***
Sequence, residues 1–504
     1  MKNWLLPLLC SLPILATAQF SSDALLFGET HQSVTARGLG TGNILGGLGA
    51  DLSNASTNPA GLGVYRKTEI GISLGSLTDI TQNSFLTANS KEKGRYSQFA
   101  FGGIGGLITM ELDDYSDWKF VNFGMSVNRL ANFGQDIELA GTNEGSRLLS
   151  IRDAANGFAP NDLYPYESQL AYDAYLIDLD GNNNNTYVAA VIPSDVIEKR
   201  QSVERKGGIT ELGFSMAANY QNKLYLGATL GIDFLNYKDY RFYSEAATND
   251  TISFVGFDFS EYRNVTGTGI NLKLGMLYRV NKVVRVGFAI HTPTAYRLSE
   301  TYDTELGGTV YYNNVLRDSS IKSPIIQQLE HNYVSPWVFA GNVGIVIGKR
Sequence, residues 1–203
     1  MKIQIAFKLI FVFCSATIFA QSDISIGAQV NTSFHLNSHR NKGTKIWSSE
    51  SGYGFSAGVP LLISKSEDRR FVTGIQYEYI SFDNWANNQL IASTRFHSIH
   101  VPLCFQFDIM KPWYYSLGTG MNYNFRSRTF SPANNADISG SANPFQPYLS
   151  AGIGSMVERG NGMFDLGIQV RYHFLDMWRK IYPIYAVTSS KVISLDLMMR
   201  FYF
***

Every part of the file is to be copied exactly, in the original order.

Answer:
Sequence, residues 1–504
     1  MKNWLLPLLC SLPILATAQF SSDALLFGET HQSVTARGLG TGNILGGLGA
    51  DLSNASTNPA GLGVYRKTEI GISLGSLTDI TQNSFLTANS KEKGRYSQFA
   101  FGGIGGLITM ELDDYSDWKF VNFGMSVNRL ANFGQDIELA GTNEGSRLLS
   151  IRDAANGFAP NDLYPYESQL AYDAYLIDLD GNNNNTYVAA VIPSDVIEKR
   201  QSVERKGGIT ELGFSMAANY QNKLYLGATL GIDFLNYKDY RFYSEAATND
   251  TISFVGFDFS EYRNVTGTGI NLKLGMLYRV NKVVRVGFAI HTPTAYRLSE
   301  TYDTELGGTV YYNNVLRDSS IKSPIIQQLE HNYVSPWVFA GNVGIVIGKR
Sequence, residues 1–203
     1  MKIQIAFKLI FVFCSATIFA QSDISIGAQV NTSFHLNSHR NKGTKIWSSE
    51  SGYGFSAGVP LLISKSEDRR FVTGIQYEYI SFDNWANNQL IASTRFHSIH
   101  VPLCFQFDIM KPWYYSLGTG MNYNFRSRTF SPANNADISG SANPFQPYLS
   151  AGIGSMVERG NGMFDLGIQV RYHFLDMWRK IYPIYAVTSS KVISLDLMMR
   201  FYF